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Genesis - Trespass CD (album) cover




Symphonic Prog

4.16 | 2129 ratings

From, the ultimate progressive rock music website

Cesar Inca
Special Collaborator
Honorary Collaborator
4 stars "Trespass" was the real blooming moment for Genesis. After an interesting yet clearly underdeveloped debut album that at most revealed a band of youngsters aiming to bring a craft f beauty and stylization to rock music, Gabriel, Phillips, Rutherford, Banks and new coming drummer Mayhew made Genesis take a quantum jump into the realm of prog rock in order to deliver this beautiful album "Trespass". Sure it bears serious problems at the sound engineering department (I mean, the original mix), and it also fails to establish a more convincing pattern of powerful rock sounds through the artsy ambitions so habitual in the genre. There is yet another minus I find in this album, which is the lack of a softer handling of transitions among various motifs in some particular moments (a problem that was evidently managed better from the follow-up "Nursery Cryme" and eventually perfected in "Foxtrot"). And what about Mayhew's drumming style, which has been subject of retrospective criticism even by a Genesis veteran in some interviews? Well, I think that it is fine per se, but definitely there was a certain abuse of rolls and ornaments, which in turn reveals an underdeveloped conceptual clarification about the rhythm section's role in the band's framework (compare it to the sort of communication between Giles and Lake in KC's debut or between Sinclair and Coughlan in Caravan's. that's real clarification). Anyway, in general, this is beautiful musical work that in many places reveals the very essence of the band's autumnal side (quite prevalent in their 70s albums despite the fact that the guy became rockier right there from the "Nursery Cryme" days). 'Looking for Someone' brings a delightful set of epic passages, some subtle and other more explicitness, with a Gabriel that already shows his trademark as a dramatic teller of stories and emotions. The epic factor gets more vital in 'White Mountain', despite the fact that the electric guitar is less prominent in favor of multiple 12-string guitars: the main motif is developed with a majesty that stays pastoral and dynamic concurrently. This song encapsulates perfectly the autumnal aspect of Genesis that I was referring to earlier in this review. And maybe we can tell that this is the birth of the definitive 12-string guitar sound. 'Visions of Angels' takes a turn into a more romantic realm without loosing the epic edge - Banks brings the best of his symphonic vision for the enhancement of this Phillips-penned song. 'Stagnation' is very lyrical, with much room for passages on 3 12-string guitars, plus an organ solo and a bombastic closing section based on a lovely motif's reiteration. 'Dusk' is a typical Ant Phillips bucolic ballad, with heavy Renaissance undertones: the album does not get more autumnal than this. 'The Knife' is the only real rocker in the album, but what a rocker it is. You can describe this album as a peculiarly successful attempt at combining early King Crimson and Hendrix-like psychedelic rock. The message of civil war and the circle of dishonest politics meets an engaging expression in this dramatic rocker that can sound urgent and menacing at the same time, even during the constrained interlude that precedes sounds of street mayhem. This experiment went awesome, and it clearly generated a fund of enthusiasm for future rockers in successive albums. Not a masterpiece to my ears, but definitely an undisputed gem that states the birth of a prog hero of all times.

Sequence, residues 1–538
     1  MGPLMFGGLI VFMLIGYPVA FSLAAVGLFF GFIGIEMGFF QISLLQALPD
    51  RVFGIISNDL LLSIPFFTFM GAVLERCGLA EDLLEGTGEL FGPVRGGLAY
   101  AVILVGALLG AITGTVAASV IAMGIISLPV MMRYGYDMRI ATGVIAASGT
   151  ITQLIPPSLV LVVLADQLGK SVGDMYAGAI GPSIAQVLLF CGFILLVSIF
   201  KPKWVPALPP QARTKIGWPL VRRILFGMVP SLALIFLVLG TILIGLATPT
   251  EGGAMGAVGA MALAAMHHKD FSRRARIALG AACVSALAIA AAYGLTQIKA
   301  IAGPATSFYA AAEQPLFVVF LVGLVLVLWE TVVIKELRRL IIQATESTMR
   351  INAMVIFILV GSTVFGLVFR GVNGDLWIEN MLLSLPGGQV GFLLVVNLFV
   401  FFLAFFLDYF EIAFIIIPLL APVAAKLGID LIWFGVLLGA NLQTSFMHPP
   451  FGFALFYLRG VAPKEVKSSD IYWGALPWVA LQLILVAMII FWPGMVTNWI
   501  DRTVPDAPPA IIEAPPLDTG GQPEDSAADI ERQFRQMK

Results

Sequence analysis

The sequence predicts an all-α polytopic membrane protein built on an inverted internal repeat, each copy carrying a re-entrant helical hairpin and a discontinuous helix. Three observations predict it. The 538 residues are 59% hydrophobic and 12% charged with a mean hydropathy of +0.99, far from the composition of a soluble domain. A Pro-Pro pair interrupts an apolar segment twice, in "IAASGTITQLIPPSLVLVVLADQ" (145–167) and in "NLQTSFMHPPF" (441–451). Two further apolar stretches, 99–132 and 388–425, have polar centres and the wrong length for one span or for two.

Cesar Inca | 4/5 |


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